“Coronary artery calcium information could be available for almost every patient who gets a chest CT scan, but it isn’t quantified simply because it takes too much time to do this for every patient,” said corresponding author Hugo Aerts, PhD, director of the Artificial Intelligence in Medicine (AIM) Program at the Brigham and Harvard Medical School. “We’ve developed an algorithm that can identify high-risk individuals in an automated manner.”

Working with colleagues, lead author Roman Zeleznik, MSc, a data scientist in AIM, developed the deep learning system described in the paper to automatically and accurately predict cardiovascular events by scoring coronary calcium. While the tool is currently only for research purposes, Zeleznik and co-authors have made it open source and freely available for anyone to use.

“In theory, the deep learning system does a lot of what a human would do to quantify calcium,” said Zeleznik. “Our paper shows that it may be possible to do this in an automated fashion.”

The team began by training the deep learning system on data from the Framingham Heart Study (FHS), a long-term asymptomatic community cohort study. Framingham participants received dedicated calcium scoring CT scans, which were manually scored by expert human readers and used to train the deep learning system. The deep learning system was then applied to three additional study cohorts, which included heavy smokers having lung cancer screening CT (NLST: National Lung Screening Trial), patients with stable chest pain having cardiac CT (PROMISE: the Prospective Multicenter Imaging Study for Evaluation of Chest Pain), and patients with acute chest pain having cardiac CT (ROMICAT-II: the Rule Out Myocardial Infarction using Computer Assisted Tomography trial). All told, the team validated the deep learning system in over 20,000 individuals.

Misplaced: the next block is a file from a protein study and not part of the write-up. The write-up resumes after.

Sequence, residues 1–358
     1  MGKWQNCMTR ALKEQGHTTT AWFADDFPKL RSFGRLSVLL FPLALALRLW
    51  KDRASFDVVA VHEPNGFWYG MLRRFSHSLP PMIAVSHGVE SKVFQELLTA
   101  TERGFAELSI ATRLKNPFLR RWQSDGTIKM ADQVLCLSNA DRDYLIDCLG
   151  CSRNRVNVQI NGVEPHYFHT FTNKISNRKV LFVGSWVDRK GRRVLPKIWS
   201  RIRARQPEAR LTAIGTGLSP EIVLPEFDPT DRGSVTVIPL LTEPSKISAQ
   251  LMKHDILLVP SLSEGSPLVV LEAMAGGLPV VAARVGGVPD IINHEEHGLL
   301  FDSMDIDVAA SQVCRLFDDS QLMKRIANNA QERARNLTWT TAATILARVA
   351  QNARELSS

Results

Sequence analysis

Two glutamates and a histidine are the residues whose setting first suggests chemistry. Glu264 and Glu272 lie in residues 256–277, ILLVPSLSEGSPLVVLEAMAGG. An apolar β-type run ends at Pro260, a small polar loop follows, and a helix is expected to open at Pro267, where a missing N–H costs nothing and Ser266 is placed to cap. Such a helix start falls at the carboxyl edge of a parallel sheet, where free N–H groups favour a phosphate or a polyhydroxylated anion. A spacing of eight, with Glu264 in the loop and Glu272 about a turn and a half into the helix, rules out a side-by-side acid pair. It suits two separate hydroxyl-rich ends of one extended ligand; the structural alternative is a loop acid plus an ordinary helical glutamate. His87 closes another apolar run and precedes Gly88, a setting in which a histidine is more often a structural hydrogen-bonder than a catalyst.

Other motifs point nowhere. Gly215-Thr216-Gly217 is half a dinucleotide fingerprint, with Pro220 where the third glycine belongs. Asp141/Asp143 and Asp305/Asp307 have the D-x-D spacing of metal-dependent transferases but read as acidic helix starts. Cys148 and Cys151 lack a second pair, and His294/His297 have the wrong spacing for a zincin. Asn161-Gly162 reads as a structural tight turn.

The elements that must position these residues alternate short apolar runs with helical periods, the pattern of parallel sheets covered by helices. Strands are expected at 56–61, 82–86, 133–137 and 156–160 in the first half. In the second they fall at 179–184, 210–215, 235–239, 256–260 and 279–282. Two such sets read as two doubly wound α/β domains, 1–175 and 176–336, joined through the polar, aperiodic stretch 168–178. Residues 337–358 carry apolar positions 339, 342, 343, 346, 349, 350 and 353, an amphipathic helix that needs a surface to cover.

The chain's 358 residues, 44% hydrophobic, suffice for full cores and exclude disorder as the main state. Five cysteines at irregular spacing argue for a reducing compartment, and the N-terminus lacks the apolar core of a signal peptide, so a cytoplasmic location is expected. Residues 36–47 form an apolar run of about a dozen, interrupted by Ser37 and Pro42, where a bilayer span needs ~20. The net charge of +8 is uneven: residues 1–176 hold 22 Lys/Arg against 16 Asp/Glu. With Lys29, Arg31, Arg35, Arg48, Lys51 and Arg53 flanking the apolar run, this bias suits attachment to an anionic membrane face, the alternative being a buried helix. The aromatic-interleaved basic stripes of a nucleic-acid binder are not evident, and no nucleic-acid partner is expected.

Udo Hoffmann, MD, director of CIRC@MGH who is the principal investigator of CT imaging in the FHS, PROMISE and ROMICAT, emphasized that one of the unique aspects of this study is the inclusion of three National Heart, Lung, and Blood Institute–funded high-quality image and outcome trials that strengthen the generalizability of these results to clinical settings.

The automated calcium scores from the deep learning system highly correlated with the manual calcium scores from human experts. The automated scores also independently predicted who would go on to have a major adverse cardiovascular event like a heart attack.

The coronary artery calcium score plays an important role in current guidelines for who should take a statin to prevent heart attacks. “This is an opportunity for us to get additional value from these chest CTs using AI,” said co-author Michael Lu, MD, MPH, director of artificial intelligence at MGH’s Cardiovascular Imaging Research Center. “The coronary artery calcium score can help patients and physicians make informed, personalized decisions about whether to take a statin. From a clinical perspective, our long-term goal is to implement this deep learning system in electronic health records, to automatically identify the patients at high risk.”

Funding for this work was provided by the National Institutes of Health (NIH-USA U24CA194354, NIHUSA U01CA190234, NIH-USA U01CA209414, NIH-USA R35CA22052, 5R01-HL109711, NIH/NHLBI 5K24HL113128, NIH/NHLBI 5T32HL076136, NIH/NHLBI 5U01HL123339), the European Union—European Research Council (866504), as well as the German Research Foundation (1438/1-1, 6405/2-1), American Heart Association Institute for Precision Cardiovascular Medicine (18UNPG34030172), Fulbright Visiting Researcher Grant (E0583118), and a Rosztoczy Foundation Grant.

Reference: Zeleznik et al. “Deep convolutional neural networks to predict cardiovascular risk from computed tomography” Nature Communications DOI: 10.1038/s41467-021-20966-2

Provided by Brigham’s and Women’s Hospital

Novel Therapy-resistance Mechanism Promoting the Growth of Breast Cancer Brain Metastasis (Medicine)

SORLA is a protein trafficking receptor that has been mainly studied in neurons, but it also plays a role in cancer cells. Professor Johanna Ivaska’s research group at Turku Bioscience observed that SORLA functionally contributes to the most reported therapy-resistant mechanism by which the cell-surface receptor HER3 counteracts HER2 targeting therapy in HER2-positive cancers. Removing SORLA from cancer cells sensitised anti-HER2 resistant breast cancer brain metastasis to targeted therapy.